NJ Governor signs law banning Mandatory Overtime

  1. http://webpublisher.lexisnexis.com/i...1920004392&b=s


    Copyright 2002 Bergen Record Corporation
    The Record (Bergen County, NJ)...01/03/2002

    New Jersey's hospitals are banned from forcing nurses to work overtime except during emergencies under legislation signed Wednesday by acting Gov. Donald DiFrancesco.

    The measure makes it a violation of the law for a healthcare facility to require hourly employees in direct patient care to work beyond their regular shift, unless there are "unforeseeable emergent circumstances. " It also prohibits firing or demoting employees who refuse overtime work.

    It is the first comprehensive ban on forced overtime in the nation.

    More than a dozen other states are considering similar legislation.

    Nurses, who have been pushing for the measure for years, complain they are often required to work overtime because healthcare facilities don't staff adequately.

    "With downsizing and managed care, hospitals staff at a bare minimum," said Jeanne Otersen, policy director of Health Professionals and Allied Employees, a union representing 8,500 nurses and other health workers in New Jersey.

    Otersen has had reports of nurses working 19- and 16-hour shifts.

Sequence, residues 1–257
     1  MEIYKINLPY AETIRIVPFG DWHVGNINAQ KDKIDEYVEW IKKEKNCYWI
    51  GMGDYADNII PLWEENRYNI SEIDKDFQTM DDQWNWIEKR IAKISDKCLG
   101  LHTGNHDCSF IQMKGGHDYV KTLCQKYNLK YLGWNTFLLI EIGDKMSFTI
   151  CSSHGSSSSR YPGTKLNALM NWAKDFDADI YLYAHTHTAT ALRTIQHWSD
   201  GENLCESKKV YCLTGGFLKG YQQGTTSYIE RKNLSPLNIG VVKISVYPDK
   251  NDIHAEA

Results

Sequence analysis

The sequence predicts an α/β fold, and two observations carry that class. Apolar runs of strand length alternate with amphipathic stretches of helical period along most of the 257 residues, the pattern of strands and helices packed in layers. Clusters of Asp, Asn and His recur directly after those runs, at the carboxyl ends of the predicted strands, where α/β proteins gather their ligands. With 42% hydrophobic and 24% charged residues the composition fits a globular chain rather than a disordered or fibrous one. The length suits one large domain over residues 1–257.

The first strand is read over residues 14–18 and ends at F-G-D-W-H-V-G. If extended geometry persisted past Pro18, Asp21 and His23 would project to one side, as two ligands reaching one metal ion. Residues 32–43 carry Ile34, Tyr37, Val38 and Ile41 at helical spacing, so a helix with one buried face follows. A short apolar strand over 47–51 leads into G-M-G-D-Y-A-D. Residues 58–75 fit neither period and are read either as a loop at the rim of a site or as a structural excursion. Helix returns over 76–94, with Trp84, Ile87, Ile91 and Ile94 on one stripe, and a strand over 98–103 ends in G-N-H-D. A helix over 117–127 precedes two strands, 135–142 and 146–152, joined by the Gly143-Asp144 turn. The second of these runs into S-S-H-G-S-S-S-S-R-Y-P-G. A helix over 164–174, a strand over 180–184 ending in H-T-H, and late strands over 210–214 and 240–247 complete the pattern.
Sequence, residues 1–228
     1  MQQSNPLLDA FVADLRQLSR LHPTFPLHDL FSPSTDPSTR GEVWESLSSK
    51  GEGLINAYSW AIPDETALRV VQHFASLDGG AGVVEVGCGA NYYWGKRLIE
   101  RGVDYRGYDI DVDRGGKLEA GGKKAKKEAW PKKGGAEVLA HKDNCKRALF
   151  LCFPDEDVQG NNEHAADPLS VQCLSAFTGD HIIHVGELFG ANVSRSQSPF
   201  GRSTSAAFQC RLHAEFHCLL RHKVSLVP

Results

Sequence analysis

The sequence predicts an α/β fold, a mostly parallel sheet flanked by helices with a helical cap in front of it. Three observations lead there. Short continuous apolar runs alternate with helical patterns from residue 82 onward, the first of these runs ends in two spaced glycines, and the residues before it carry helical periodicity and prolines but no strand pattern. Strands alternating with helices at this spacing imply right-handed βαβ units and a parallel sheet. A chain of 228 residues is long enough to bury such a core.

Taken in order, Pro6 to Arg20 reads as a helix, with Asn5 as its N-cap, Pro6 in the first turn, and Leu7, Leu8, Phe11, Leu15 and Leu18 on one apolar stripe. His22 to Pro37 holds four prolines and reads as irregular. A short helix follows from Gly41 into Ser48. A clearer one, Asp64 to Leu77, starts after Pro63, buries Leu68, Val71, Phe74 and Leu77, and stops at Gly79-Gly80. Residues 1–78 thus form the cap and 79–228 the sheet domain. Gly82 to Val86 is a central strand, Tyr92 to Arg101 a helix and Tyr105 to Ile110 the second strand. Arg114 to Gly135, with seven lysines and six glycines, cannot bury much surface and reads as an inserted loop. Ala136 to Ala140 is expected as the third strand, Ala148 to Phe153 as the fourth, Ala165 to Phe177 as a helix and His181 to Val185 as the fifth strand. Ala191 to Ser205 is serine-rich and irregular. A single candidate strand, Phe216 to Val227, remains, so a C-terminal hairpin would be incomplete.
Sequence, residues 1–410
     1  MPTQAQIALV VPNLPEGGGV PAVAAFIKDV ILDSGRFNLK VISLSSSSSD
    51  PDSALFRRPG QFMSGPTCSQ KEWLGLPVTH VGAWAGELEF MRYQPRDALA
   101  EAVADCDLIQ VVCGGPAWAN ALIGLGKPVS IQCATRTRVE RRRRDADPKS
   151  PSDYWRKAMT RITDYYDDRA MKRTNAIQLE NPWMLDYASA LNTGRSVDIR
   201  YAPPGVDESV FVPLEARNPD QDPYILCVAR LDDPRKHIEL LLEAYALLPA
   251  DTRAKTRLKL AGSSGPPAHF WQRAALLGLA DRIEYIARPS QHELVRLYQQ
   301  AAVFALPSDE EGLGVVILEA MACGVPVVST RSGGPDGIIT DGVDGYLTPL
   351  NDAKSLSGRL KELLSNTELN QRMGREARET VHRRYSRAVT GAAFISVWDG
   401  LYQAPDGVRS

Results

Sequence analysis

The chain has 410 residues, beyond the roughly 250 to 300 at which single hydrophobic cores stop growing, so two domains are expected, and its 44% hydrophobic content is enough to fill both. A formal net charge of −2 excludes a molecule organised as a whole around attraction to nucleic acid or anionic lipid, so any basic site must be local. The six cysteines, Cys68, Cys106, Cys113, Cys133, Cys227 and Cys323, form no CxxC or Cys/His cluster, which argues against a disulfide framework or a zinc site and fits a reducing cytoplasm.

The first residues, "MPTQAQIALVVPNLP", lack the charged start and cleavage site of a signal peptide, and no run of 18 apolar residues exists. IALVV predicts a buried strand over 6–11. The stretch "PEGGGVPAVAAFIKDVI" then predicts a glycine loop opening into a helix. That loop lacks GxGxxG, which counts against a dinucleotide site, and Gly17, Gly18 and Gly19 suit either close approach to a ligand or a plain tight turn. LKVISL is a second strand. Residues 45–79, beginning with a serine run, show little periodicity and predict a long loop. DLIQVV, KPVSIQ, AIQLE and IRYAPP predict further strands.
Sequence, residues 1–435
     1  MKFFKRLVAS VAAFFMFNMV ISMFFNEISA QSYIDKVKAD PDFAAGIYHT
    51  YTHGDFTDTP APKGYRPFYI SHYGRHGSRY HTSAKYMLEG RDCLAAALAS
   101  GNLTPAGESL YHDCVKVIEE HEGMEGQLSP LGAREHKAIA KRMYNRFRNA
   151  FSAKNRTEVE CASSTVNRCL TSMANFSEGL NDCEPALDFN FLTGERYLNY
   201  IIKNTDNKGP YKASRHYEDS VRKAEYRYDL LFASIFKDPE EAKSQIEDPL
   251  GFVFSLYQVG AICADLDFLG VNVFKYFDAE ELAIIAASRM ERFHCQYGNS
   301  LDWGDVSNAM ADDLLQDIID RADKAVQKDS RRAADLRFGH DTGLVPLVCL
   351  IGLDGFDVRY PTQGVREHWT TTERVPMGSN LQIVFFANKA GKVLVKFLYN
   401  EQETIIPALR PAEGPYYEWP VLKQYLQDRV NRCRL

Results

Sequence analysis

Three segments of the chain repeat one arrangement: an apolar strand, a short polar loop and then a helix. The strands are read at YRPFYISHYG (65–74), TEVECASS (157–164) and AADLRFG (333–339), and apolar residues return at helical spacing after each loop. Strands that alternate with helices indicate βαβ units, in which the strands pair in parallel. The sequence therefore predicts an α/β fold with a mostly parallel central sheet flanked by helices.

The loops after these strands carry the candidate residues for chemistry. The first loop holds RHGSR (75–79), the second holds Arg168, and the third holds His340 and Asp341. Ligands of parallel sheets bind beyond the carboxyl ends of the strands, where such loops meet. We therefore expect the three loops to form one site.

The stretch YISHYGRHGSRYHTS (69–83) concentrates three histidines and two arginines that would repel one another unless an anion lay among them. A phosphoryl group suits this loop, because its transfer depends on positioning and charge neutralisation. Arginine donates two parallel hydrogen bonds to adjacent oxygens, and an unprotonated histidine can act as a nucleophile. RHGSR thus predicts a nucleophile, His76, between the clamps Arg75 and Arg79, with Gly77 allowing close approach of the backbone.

The pressure to work overtime is a daily problem, she said, not just on days when emergencies bring in droves of unexpected patients.

    "Nurses go in at 7 and are literally not allowed to leave," she said. "We've had nurses who had kids sent by taxi to wait for their mothers to get off duty. " A similar bill previously passed both houses of the Legislature, but was conditionally vetoed last year by then-Gov. Christie Whitman.

    The bill was reintroduced by Sens. John Bennett, R-Monmouth, and Joseph Vitale, D-Middlesex, and passed the Senate in June. The Assembly approved the bill in the fall.

    The law does not prohibit nurses from volunteering to work overtime.

    It will will not take effect for one year, so healthcare facilities can have time to better plan for staffing, its sponsors said.